This behaviour aligns with the MC182494 notice “Updated Feature: Enhancements to the Preservation Hold Library” published 18th June 2019 outlining the new 30 day grace protection. It states “During the grace period, any deleted item will continue to be preserved in the preservation library….”.

    In addition we also still cannot delete unwanted a Subsites even when set to Off. The message is the same as if the policy was on/active. This makes sense as it would be still trying to send it to the PHL.

    Best regards, Leigh.

    1. Hi Leigh,
      Thanks for your response! I’ll update the post with the clarification on the MC notification. I was trying to refer to it by my ’30-day grace period’ statements, but my wording could be clearer.

      Note: when I tested this, I’m pretty sure changed content was not going into the PHL – perhaps I never tested deleted content… I’ll have to test again.

      Please clarify – are you saying you cannot delete the subsites even after 15 minutes, 1 day, > 30 days, > 93 days (since items will now flow thru the second-stage recycle bin)? Although I don’t know if there’s a relationship to those durations and when you are allowed to delete it) How long after you’ve turned off the policy are you trying to delete the subsites? I’ve never tested against subsites, only site collections and I’ve never fully tested when you are able to delete the site that previously had a retention policy published to it.

      I’ll retest too (but only with site collections because that’s all I work with)… and update the post with findings/corrections. 🙂

  3. Hi Joanne,

    apologies for the delay. Was waiting for a reasonable period before reporting back. It’s been 21 days and I still cannot delete the subsite. Message is still “Sorry, something went wrong. This site cannot be deleted because it is included in an eDiscovery hold or retention policy”. The issue with waiting for the 30 days to expire is that vast quantities of deleted documents held behind the scenes in the Preservation Hold Library for future eDiscovery will also then be lost as they are well beyond standard recycle bin retention time frames. So we have no option but to re-enable the policy and live with these unwanted SharePoint web objects.

    I note you mentioned you only work with site collections (the new modern way), however when using 365 Group backed teams sites including MS Teams provisioned sites, nothing stops Owners from creating subsites as they are site collection admins. Subsite creation is still enabled out of the box. People will naturally therefore craft these structures unless prevented actively, even if they are just exploring their options or traditionally trained in SharePoint. Undoing these actions will be necessary unless you crack open SharePoint specific permission levels and customize in order to remove SCA from Owners and assign a custom permission level (role) with Site Permissions like ‘create subsites’ removed, going against modern O365 group permission model.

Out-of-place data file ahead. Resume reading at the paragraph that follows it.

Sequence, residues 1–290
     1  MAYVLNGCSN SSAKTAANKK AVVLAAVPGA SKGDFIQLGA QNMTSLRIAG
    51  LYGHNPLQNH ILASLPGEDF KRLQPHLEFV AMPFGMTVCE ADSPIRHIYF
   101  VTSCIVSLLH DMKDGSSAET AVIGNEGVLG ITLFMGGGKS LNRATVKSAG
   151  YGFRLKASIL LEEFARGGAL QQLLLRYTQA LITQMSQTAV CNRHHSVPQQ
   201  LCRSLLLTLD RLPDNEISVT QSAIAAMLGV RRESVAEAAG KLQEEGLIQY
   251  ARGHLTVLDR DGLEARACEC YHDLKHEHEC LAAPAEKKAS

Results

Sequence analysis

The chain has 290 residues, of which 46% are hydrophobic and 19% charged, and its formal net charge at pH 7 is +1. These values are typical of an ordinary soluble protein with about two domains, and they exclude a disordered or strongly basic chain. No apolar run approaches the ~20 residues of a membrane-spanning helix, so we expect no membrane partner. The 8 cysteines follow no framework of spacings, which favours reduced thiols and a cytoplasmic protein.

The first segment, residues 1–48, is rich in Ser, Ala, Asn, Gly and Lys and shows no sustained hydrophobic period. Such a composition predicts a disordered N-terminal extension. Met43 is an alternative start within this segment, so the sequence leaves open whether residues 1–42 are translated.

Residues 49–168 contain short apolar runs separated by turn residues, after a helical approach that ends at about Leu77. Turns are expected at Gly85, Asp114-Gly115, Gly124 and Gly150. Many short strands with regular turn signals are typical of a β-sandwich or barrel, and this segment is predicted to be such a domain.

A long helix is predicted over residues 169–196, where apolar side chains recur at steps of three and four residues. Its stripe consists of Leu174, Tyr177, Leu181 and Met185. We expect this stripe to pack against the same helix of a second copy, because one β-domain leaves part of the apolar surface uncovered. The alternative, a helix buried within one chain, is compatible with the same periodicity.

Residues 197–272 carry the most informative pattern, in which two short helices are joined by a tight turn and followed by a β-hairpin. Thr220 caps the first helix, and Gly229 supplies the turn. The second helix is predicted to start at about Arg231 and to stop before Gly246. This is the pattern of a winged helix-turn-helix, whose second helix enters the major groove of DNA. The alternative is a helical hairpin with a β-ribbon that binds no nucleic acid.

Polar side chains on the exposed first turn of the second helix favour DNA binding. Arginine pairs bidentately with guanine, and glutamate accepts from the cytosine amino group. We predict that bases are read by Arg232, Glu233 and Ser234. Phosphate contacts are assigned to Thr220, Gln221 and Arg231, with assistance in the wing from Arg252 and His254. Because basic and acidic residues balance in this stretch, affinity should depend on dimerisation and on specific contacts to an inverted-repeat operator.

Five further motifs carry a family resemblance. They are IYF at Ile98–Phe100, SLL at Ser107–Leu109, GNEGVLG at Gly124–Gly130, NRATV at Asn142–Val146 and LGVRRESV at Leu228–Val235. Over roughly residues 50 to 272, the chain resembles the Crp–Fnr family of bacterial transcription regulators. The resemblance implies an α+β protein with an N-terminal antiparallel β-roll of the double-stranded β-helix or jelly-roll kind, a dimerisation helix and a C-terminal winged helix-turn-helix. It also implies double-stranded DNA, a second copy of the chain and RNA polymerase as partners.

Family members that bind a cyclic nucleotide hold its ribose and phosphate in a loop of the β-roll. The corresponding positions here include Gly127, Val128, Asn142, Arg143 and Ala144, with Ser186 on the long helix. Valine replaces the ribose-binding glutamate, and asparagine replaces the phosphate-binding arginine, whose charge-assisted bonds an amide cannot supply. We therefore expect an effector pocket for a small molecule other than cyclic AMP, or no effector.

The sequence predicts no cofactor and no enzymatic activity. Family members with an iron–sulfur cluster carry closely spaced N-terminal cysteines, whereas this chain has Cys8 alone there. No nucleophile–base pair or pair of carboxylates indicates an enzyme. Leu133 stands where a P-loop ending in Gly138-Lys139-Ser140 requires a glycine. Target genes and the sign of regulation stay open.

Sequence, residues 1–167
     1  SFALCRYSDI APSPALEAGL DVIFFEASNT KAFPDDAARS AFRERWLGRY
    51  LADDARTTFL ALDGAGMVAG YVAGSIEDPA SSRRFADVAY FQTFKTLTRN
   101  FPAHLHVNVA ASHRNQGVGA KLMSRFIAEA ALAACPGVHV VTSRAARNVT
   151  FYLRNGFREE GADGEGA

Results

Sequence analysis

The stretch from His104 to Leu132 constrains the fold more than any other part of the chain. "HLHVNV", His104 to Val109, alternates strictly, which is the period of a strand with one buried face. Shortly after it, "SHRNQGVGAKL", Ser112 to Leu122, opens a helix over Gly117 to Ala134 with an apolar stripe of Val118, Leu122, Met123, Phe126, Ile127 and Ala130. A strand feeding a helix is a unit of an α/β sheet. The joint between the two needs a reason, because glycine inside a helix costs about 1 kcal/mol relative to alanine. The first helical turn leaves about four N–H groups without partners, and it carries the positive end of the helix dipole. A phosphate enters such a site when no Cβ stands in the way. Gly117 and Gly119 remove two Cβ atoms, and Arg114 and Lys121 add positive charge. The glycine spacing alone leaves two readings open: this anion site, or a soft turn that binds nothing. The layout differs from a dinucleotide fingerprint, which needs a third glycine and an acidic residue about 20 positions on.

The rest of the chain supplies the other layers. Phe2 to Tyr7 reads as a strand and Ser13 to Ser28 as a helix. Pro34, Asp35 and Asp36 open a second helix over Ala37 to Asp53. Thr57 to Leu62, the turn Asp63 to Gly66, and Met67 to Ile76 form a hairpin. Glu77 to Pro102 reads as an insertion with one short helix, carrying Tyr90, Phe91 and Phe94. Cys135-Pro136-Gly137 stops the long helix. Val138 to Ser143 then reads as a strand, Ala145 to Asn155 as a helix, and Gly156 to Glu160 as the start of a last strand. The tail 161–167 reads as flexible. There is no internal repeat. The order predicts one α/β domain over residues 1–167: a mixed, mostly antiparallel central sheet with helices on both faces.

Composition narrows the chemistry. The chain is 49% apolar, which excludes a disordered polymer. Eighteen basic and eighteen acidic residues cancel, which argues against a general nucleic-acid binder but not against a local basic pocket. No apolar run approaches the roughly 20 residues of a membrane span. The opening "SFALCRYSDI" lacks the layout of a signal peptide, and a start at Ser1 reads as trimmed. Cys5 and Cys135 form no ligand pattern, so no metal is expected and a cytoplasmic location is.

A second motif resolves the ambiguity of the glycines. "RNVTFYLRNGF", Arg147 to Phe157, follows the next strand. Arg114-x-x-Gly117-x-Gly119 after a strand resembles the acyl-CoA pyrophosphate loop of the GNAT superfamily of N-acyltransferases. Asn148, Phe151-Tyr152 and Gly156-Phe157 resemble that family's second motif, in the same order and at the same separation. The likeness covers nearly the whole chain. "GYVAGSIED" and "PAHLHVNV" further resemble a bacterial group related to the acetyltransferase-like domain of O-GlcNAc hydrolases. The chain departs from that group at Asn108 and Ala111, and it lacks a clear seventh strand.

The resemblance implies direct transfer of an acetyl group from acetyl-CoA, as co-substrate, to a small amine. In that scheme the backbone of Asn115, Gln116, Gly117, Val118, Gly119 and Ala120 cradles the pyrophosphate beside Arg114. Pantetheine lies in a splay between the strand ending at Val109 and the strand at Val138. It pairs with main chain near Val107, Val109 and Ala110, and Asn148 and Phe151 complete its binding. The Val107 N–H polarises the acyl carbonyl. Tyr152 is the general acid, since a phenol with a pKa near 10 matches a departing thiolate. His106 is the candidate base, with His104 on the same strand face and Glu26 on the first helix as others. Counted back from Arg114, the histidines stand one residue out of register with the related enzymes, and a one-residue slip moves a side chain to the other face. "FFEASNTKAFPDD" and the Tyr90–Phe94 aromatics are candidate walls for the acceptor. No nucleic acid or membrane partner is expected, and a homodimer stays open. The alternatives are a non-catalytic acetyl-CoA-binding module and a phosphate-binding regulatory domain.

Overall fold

This is what we have done for MS Teams provisioned SP site collections. Owners are no longer SCAs however they still have permissions to manage and add Channels via MS Teams thus preserving the basic MS Teams management functions. Powershell is used for applying this adjustment.

    In the meantime, for the example which existed prior to above controls, we’ve renamed the subsite to include [DELETE] prefix to make it obvious that the subsite should be avoided.

    Many thanks for your article and subsequent testing.

    Best regards, Leigh.

    1. Hi Leigh, Hope you’re keeping well. I know it’s been awhile but just wondering if you had an update on this thread. I lost track of my test. Somebody else I know is having a similar issue.

  4. Hello, we are having a similar issue, even tho the retention policy has been deactivated (48hrs later) we are still seing “This site has a compliance policy set to block deletion.” This makes library hard to manage when it comes to removing content during a migration. Any suggestion on how long we will be stuck with this ?

    1. To my knowledge you have to wait the 30- day grace period in case it is turned back on again.
      I am trying to run another test to confirm however that time frame is documented in

      Perhaps reach out to Microsoft if you want a quicker answer than waiting for my test.

    1. Yeah, I got busy and forgot to document the details of the test. Will need to do over.

  5. Almost a year later now. Is there a way to use Powershell to bypass the retention policy errors when attempting to delete revision history for Lists?

  6. Hi, I don’t know and I’d have to ask more questions, set up the same in one of my sites to be able to test and provide any kind of meaningful response. I recommend posting this question in one of the Compliance communities on Microsoft’s Tech community for broader reach.